Call of Duty 3 (360) – Review

Call of Duty 3 - Cover Continuing the popular series of World War II-themed first person shooter, Call of Duty 3, developed by Treyarch and published by Activision, pretty much stays the course from it’s prequels, adding a few small items to gameplay and story that generally make the game a bit better. Unfortunately, the game ultimately lacks anything really new or exciting to add to the current gaming market; I wouldn’t call it stale, but pretty much lackluster despite being a good challenge. Continue reading

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Viva Pinata (360) – Initial Impressions

Well, not really initial impressions as I’ve played the game a bit before, but this time I really sunk a few focused hours into the game to get a better feel for it, as it’s suddenly been getting a lot of hype around.

Viva Pinata is basically a sim game, almost along the lines of Zoo Tycoon but much better done and enjoyable (the game is developed by Rare, who has done several hits of the past including Donkey Kong Country, Conker’s Bad Fur Day, and Kameo).  Basically, the goal is to try to build a garden using the pinata-based creatures to attract rarer pinata-based lifeforms and improve the overall appearence of your garden and your gardening abilities.  You first need to attract creatues to the garden by meeting certain requirements, and then after getting two of them together, you need to make sure their needs are met to encourage romance and the birth of more of their type within the garden.  The most basic form of pinata-based life requires minimal to get going, but higher life forms will not mate until they have devoured some of the lower forms.  This may require making sure you get the lower forms mating enough to get enough creatures to mate as to provide the requirements for the higher level ones.   You also need to consider the environment in your garden and the plants you keep.  As you get more high level species in the garden, your gardening rank increases and you gain access to tools to simplify the low-level duties so you can focus on the harder stuff.  Stores help to provide monetary shortcuts for the hard work you typically have to do to maintain the low level stuff going in the game.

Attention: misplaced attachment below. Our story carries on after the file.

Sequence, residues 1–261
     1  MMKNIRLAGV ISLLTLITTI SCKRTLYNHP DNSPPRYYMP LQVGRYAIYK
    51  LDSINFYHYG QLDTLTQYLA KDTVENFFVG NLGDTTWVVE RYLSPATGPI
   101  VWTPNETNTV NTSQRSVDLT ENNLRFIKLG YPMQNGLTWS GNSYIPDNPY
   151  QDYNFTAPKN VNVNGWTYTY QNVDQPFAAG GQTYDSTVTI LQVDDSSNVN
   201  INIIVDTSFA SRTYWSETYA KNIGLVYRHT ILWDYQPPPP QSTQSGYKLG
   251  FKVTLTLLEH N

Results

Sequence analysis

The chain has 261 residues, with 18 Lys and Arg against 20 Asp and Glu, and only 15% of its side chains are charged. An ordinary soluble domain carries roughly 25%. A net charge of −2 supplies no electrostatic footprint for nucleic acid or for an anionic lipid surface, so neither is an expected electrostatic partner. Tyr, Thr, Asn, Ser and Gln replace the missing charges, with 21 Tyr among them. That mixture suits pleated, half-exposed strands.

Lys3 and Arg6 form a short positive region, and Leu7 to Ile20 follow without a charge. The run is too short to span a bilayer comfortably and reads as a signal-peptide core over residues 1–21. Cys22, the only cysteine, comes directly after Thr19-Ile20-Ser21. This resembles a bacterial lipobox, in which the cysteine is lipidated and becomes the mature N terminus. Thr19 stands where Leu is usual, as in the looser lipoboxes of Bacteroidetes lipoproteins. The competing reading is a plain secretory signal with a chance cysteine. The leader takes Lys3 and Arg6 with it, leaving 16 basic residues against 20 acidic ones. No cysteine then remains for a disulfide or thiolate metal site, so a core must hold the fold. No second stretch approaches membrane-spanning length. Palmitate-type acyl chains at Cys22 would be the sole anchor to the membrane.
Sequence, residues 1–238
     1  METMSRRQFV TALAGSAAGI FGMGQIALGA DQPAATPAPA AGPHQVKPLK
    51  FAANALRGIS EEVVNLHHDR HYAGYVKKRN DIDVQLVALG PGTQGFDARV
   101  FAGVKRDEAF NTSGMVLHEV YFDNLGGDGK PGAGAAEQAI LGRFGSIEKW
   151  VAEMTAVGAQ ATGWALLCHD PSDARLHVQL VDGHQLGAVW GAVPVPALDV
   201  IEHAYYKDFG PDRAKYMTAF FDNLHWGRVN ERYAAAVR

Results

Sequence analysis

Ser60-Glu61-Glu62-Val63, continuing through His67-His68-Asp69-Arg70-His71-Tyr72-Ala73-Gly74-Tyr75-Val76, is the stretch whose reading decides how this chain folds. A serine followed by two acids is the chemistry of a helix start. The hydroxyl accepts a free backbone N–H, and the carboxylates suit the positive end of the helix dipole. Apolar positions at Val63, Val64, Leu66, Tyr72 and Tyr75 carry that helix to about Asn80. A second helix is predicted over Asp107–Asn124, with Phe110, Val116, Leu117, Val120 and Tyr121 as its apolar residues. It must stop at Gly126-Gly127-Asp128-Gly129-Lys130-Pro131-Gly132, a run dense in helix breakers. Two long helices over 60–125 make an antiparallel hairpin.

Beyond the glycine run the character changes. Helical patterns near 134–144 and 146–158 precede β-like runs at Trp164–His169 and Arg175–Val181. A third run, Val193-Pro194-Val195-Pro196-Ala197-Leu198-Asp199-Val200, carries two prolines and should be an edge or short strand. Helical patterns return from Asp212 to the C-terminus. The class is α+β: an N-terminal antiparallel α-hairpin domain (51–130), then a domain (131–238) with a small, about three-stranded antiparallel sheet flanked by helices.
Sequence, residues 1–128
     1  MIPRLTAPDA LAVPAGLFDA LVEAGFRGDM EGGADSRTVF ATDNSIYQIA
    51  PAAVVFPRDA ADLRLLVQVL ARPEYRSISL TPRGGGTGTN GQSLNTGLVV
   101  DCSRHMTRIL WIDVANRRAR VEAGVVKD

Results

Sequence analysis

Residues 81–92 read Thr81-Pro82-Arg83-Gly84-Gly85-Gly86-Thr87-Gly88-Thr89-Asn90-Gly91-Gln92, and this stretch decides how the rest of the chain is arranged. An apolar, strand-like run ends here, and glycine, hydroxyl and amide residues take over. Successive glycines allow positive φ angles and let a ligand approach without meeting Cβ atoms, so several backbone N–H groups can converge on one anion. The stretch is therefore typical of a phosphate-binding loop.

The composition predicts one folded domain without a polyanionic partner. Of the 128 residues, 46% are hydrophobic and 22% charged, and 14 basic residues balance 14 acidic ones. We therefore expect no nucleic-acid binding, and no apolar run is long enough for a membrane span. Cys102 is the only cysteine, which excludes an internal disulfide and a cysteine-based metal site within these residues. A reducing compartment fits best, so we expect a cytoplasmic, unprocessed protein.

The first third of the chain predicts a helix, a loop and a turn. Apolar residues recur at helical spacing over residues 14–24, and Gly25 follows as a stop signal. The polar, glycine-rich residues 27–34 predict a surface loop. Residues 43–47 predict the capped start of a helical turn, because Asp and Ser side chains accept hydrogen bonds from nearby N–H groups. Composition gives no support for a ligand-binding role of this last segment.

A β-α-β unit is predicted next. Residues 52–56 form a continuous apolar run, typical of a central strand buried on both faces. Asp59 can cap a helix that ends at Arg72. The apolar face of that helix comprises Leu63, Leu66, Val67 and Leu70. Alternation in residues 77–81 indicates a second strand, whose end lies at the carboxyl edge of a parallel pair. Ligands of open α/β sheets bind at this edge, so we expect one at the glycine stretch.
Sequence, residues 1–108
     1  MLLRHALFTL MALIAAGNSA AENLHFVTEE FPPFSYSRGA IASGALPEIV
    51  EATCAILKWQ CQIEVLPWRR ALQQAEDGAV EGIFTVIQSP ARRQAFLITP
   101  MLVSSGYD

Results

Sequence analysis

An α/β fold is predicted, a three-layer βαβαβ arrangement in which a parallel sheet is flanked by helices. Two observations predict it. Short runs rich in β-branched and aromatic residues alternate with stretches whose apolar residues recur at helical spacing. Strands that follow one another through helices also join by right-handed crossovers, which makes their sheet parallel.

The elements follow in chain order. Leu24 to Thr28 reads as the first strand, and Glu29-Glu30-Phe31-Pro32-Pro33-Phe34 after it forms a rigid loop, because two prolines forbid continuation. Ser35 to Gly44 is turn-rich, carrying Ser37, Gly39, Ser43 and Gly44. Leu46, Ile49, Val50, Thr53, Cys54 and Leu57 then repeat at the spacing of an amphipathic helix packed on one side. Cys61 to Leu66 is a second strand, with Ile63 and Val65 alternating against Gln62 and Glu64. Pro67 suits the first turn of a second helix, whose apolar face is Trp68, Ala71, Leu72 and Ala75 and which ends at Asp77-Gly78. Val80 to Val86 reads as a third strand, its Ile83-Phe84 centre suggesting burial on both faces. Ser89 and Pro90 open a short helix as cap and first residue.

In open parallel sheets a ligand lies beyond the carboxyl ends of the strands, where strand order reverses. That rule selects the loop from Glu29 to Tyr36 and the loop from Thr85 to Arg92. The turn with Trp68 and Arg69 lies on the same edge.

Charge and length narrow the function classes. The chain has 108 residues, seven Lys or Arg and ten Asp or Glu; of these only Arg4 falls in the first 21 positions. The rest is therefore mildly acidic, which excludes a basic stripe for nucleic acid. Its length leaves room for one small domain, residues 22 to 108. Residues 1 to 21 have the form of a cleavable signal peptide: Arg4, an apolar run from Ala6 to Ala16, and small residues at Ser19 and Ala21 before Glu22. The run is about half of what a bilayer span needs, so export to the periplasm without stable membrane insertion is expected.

Of course, as the game is targetted to younger players, the ‘violence’ in the game is minimal – it’s made sure that all the creatures are pinatas and thus are meant to be broken to get at the candy goodness inside.  And while you have to mate, there’s only fully interludes of the creatures doing a mating dance ritual, so it’s definitely a fine game for kids to play.

The game looks beautiful on the 360.

Yoshi’s Island DS – ~5hr

So far most of the game is good, classic nod back to the original Yoshi’s.

However, I just hit a level mid-4th  world that features ice floors (so you slip easily), narrow ledges over bottomless pits, and worse, bouncing balls that can hit and knock you back that bounce uncontrollably about the stage.

I lost 35 lives on this level.  How incredibly insane.  Two of three of these at a time is ok, but all 3 together really make this part really poorly designed for a Ninento platformer.   Everything else about this game is great, but this one level ticks me off.

Sam and Max Episode 2 (PC) – Impressions

Was able to download the next episode of Sam and Max off of Gametap, and, unfortunately, was able to finish it in one sitting today.  While most of the technical and creative factors of the game are just as good as the first game, the biggest problem I found was that it was too easy.  Normally Sam and Max has worked off some lateral thinking problems (like taking a word for it’s literal meaning, or using a tool in an unexpected, but somehow logical fashion), but none of the puzzles in Ep2 had that – they were all straight forward, and relatively simple to solve.  It only took me about 1.5hr to complete, which is unfortunate.

I’m hoping for a more challenging puzle in the remaining episodes.